Earlier this week, the House of Commons science and technology committee published a highly critical report on the bill, with its chair, Nicola Blackwood MP commenting:
The current lack of clarity within the draft Investigatory Powers Bill is causing concern amongst businesses. There are widespread doubts over the definition, not to mention the definability, of a number of the terms used in the draft Bill. The Government must urgently review the legislation so that the obligations on the industry are clear and proportionate.
In particular, the report highlights the following problems:
- The feasibility of collecting and storing Internet Connection Records ICRs – including the very real problem of keeping these highly personal records from (non state-sanctioned) hackers.
- Anxiety amongst communication providers over the ability to use effective encryption, which Blackwood recognises is “important in providing the secure services on the internet we all rely on“. The committee particularly wants the government to provide greater clarity over the status of end-to-end encrypted communications, where decryption might not be possible by a communications provider that had not added the original encryption.
- Concerns amongst certain communications over ‘equipment interference’. For some providers, such as Mozilla (the makers of Firefox), this concern appears to stem from a genuine concern for its users’ privacy and the integrity of the internet. For other providers, the concern is more about how a perception of hacking could hurt their competitiveness in a global market for services.
- Uncertainty over costs. Coverage of the committee’s report has downplayed the risk associated with spiralling implementation costs, both for government and businesses. At last cost, the Home Secretary has put the cost of implementing the new ICR system at £247 million but the report notes that costs are likely to change (i.e. rise), given the uncertainty and rapid pace of technological change.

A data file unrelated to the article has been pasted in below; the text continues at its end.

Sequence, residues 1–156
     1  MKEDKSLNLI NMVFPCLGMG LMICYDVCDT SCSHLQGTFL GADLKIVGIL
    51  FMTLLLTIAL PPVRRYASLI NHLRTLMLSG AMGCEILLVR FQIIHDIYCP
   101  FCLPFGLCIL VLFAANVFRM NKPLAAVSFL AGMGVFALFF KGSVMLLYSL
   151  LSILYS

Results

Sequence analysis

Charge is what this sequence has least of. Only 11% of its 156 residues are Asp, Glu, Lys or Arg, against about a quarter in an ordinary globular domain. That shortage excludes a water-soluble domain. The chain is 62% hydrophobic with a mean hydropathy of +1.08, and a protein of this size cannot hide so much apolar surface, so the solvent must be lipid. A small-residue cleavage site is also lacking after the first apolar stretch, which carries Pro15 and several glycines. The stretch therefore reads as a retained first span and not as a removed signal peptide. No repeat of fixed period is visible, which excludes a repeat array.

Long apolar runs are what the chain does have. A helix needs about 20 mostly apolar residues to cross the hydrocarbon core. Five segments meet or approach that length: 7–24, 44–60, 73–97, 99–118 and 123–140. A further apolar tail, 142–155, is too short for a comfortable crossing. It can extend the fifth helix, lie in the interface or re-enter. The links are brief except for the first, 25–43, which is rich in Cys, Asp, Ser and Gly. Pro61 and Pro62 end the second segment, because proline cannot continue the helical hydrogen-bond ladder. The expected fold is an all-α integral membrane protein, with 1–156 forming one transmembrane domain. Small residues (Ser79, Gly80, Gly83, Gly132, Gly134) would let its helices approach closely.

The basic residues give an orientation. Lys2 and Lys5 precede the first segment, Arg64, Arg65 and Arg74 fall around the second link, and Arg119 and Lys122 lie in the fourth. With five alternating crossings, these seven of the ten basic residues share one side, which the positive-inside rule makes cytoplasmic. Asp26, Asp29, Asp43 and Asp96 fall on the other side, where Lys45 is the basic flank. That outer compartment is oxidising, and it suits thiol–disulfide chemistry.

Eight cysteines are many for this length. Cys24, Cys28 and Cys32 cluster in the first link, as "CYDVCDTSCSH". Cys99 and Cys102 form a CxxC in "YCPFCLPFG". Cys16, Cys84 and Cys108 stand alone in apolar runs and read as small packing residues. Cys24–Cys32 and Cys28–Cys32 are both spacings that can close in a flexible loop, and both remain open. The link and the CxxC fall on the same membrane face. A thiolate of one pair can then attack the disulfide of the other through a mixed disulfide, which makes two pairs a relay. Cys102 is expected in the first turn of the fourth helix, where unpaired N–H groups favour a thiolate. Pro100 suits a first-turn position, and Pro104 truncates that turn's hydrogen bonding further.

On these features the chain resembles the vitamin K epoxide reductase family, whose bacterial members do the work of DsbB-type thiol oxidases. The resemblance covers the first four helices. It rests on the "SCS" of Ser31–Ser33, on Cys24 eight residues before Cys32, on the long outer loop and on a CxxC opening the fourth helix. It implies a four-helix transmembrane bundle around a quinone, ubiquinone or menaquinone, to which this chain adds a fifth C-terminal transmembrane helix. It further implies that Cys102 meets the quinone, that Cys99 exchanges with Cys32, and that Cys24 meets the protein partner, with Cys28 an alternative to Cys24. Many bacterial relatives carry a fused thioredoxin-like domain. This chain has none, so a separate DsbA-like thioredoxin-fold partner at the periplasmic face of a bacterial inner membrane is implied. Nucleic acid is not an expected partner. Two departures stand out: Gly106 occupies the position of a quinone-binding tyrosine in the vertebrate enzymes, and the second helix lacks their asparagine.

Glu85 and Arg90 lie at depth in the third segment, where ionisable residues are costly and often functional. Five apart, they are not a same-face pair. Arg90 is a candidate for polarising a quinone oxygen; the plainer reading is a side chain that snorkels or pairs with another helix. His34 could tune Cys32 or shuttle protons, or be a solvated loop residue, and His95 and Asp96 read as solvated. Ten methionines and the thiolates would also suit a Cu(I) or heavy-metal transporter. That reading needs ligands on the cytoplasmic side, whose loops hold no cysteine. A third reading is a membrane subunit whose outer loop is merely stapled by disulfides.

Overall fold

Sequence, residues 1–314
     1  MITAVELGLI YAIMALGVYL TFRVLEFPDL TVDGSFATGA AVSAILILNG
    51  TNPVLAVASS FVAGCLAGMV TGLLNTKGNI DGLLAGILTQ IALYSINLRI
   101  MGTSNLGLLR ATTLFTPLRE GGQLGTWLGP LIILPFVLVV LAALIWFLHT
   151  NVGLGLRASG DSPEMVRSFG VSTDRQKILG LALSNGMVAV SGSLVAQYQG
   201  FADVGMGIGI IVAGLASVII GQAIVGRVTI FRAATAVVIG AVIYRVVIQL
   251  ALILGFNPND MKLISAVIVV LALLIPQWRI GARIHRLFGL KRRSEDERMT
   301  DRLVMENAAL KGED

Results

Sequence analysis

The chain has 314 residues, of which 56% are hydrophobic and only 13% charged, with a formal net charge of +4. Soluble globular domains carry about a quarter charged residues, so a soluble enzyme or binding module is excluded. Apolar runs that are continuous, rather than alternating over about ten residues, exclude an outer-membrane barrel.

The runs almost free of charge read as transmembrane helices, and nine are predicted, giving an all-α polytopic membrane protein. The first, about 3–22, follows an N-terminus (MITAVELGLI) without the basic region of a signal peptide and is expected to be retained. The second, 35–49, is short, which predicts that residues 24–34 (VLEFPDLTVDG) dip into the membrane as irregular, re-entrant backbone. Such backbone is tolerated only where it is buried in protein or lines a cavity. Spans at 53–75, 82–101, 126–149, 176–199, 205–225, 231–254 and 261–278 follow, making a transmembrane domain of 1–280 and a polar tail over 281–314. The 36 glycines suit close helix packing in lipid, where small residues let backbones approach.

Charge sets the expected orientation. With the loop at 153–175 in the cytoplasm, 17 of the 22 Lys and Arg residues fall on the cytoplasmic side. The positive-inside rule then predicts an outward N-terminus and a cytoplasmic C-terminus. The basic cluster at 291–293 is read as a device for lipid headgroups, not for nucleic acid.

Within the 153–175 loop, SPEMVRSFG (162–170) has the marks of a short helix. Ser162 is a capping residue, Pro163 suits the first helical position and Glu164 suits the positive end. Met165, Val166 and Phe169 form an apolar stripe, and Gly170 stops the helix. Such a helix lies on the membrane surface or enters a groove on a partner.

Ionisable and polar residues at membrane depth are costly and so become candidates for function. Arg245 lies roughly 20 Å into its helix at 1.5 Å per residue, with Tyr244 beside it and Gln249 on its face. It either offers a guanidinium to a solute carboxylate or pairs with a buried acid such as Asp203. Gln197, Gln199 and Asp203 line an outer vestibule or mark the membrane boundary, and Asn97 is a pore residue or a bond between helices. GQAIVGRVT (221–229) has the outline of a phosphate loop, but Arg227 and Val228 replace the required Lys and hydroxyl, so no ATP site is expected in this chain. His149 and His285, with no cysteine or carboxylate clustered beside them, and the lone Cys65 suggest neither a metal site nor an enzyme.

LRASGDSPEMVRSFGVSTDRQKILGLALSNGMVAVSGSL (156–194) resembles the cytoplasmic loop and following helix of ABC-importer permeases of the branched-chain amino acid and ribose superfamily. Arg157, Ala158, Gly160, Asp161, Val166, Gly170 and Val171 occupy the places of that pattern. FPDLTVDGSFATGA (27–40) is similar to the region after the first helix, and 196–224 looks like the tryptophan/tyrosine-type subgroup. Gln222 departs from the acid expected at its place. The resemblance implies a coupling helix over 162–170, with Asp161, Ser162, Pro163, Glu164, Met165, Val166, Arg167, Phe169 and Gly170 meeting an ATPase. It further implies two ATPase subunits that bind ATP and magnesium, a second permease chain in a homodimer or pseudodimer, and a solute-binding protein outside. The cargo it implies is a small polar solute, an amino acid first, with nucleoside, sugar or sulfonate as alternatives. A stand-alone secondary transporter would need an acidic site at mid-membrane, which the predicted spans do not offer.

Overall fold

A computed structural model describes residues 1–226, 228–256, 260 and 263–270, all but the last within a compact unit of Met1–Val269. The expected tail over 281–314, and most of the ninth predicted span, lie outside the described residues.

It’s worth noting that the committee’s remit was purely to look at the technical feasibility of the government’s proposals and how these might affect communications businesses, not whether the communications monitoring provisions or whether they are proportionate to the threats they are intended to deal with. These issues are expected to be addressed by the joint committe Joint Committee established to scrutinise the draft Bill as a whole.
I believe the criticisms levelled at the bill in this report are significant for a couple of reasons.
Firstly, by focusing solely on the technical feasibility of implementing the bill, it manages to side-step the highly polarised debate between privacy and security advocates. This report says, irrespective of your views on the merits of expanded monitoring of communications, you should be concerned as a citizen and taxpayer about the feasibility of implementing the government’s plans at anything approaching a sensible level of expenditure.
Secondly, by holding up the prospect that the Investigatory Powers Bill will do real harm to the growing UK tech sector, the report will hopefully encourage the government to modify its approach, if only to protect its supposed reputation for business confidence.
Both these signals – questions over the feasability of implementation and the likely damage to the UK’s growing tech sector – will not in itself be enough to stop the Investigatory Powers Bill becoming law, but it’s a start.
The Joint Committee is due to deliver its full report on the Investigatory Powers Bill no later than 17 February. It will be interesting to see whether this committee takes a similarly critical stance on the merits of expanded monitoring provisions and the limited amount of time the committee was given to scrutinise the bill.
Cost of Investigatory Powers Bill could undermine UK Tech sector – full details of science and technology committee report
Science and Technology Committee of Parliament slams Snoopers’ Charter – Open Rights Group’s reaction to the committee’s report
This post was originally published on the personal blog of Open Rights Group Birmingham organiser, Francis Clarke. You can follow Francis on Twitter @francisclarke.